You aren't really getting away from it all if you stash weighty tomes onmortgage lending beneath the swimming gear and towels in your suitcase.
Yet brushing up on how to conserve your cash while sipping a seabreeze cocktail isn't such a bad idea. For while you relax this summer, many banks, building societies and insurers aren't in a holiday mood. Instead, they're busy cutting interest rates on savings accounts, clamping down on companies that help victims of the mortgage endowment mis-selling scandals, and quietly axing good deals.
For savings cuts, it might seem unfair to pick on any one lender, as most have done so in the wake of this month's reduction in the Bank of England base rate.
But one that has dealt customers a particularly duff hand is Universal building society. It first cut rates across a number of products by up to 0.25 percentage points on 18 July, and then - barely four weeks later - slashed them again by up to 0.4 percentage points.
Pity the poor customers who, just one month ago, were enjoying rates of 4.35 per cent on any savings above £1 in Universal's Regular Saver Plus bonus account. Today, they're getting just 3.7 per cent.
It's not much better with home loans. A surprisingly miserly Nationwide has passed on just a 0.1 percentage point cut in its standard variable rate (SVR) to borrowers, leaving it at 5.89 per cent.
Although its SVR is one of the lower rates available to customers, the building society has still decided to keep hold of the lion's share of the Bank of England's cut for itself.
Elsewhere, companies that sold endowment mortgages are also rather preoccupied.
Abbey - like Prudential - will no longer send compensation for mis-selling to any companies (known, unflatteringly, as "ambulance chasers") that handle claims on behalf of an individual, it emerged last week.
This "moral" stance is based on the contention that consumers shouldn't have to give up a chunk of any compensation to a third party.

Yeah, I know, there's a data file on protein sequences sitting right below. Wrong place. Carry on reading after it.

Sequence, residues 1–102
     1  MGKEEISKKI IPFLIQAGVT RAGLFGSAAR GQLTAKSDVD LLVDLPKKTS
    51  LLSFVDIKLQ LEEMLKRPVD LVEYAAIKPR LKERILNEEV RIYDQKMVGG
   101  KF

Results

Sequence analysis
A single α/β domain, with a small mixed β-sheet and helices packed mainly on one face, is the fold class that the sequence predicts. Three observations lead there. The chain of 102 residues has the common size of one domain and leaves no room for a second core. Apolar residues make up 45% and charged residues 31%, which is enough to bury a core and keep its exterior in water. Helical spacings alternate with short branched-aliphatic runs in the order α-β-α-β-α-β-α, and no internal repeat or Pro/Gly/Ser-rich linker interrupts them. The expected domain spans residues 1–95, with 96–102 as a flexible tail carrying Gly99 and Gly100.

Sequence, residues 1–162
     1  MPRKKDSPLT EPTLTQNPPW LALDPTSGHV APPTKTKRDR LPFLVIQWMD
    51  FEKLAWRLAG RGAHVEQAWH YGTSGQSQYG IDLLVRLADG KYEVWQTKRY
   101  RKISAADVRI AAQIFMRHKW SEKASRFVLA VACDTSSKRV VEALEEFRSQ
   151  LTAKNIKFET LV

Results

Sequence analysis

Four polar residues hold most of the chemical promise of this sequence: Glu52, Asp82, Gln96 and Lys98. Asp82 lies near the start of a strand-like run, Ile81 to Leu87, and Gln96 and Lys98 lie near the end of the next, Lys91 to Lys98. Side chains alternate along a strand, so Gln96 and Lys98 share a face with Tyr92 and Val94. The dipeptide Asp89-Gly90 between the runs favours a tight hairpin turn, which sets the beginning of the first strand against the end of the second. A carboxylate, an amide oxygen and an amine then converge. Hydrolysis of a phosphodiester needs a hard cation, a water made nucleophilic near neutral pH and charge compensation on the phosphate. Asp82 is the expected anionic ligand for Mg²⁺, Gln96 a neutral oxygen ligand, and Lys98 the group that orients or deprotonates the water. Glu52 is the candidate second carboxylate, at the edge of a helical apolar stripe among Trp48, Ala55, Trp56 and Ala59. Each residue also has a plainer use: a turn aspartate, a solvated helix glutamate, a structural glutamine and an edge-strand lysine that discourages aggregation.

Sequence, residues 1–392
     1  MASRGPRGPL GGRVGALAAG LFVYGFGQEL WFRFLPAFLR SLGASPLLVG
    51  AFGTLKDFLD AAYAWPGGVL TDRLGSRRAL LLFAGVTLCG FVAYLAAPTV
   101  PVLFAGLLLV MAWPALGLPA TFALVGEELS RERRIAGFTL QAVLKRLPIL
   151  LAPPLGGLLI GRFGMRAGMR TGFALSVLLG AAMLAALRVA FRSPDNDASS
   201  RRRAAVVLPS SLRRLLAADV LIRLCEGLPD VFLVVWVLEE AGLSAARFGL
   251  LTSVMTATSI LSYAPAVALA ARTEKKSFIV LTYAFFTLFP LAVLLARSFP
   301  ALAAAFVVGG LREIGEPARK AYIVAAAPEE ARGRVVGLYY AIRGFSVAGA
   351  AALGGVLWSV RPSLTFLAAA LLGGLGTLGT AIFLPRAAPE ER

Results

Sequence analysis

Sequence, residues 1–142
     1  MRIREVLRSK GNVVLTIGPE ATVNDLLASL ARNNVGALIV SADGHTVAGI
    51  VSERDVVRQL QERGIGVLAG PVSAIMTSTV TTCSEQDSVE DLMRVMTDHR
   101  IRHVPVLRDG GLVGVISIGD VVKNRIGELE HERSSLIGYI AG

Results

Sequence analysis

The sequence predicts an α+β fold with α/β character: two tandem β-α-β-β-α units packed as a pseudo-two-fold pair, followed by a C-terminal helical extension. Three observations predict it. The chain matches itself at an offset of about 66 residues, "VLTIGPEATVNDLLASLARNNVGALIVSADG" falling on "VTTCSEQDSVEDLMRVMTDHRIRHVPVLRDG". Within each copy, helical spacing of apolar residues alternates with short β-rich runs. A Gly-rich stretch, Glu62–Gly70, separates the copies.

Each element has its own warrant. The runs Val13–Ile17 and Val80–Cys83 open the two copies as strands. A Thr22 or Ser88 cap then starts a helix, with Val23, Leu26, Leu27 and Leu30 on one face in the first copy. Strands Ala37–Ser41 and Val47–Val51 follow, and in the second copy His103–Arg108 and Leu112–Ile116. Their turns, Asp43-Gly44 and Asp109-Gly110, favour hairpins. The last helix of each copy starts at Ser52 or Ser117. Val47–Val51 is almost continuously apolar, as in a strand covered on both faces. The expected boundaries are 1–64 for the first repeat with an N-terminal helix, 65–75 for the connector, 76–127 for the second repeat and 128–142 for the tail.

Bradford & Bingley has gone one step further, sailing close to the regulatory wind by refusing even to talk to claims handlers unless the customer absolutely insists on it.
This really is an unsightly scene. When the very companies responsible for mis-selling endowments in the first place start telling customers what's good for them, that's reason enough to raise an eyebrow.
Let's not forget that Abbey was recently fined £800,000 for mishandling its endowment compensation processes, and forced to reopen thousands of previously rejected cases.
Unfortunately, the endowment claims handlers don't inspire much faith either.
Although they help administer the claims process on behalf of consumers, they do so for a fat fee.
There's nothing to stop individuals making a compensation claim themselves - and no difference in the outcome. Rejections by the endowment companies can be appealed against and, in dispute, taken to the Financial Ombudsman Service.
As for disappearing deals, the Woolwich is tomorrow withdrawing its Offset Together mortgage - a loan that lets parents help their kids on to the property ladder by allowing them to benefit from the offset value of family savings.
The Woolwich blames poor demand - only a few thousand customers bothered to take it out during its four-year life, a spokeswoman says - but the loss of a choice for those struggling to get on the ladder is a shame.
It's astonishing, really.
Close your eyes in the sun for a couple of weeks and, when you open them again, everything has changed.
You may be on holiday but you'd be wise never to relax with your personal finances.
As you rifle through post and missed phone calls upon your return, make a mental note to check what kind of behaviour your bank has been up to.
The wager is that it's "no good".Reuse content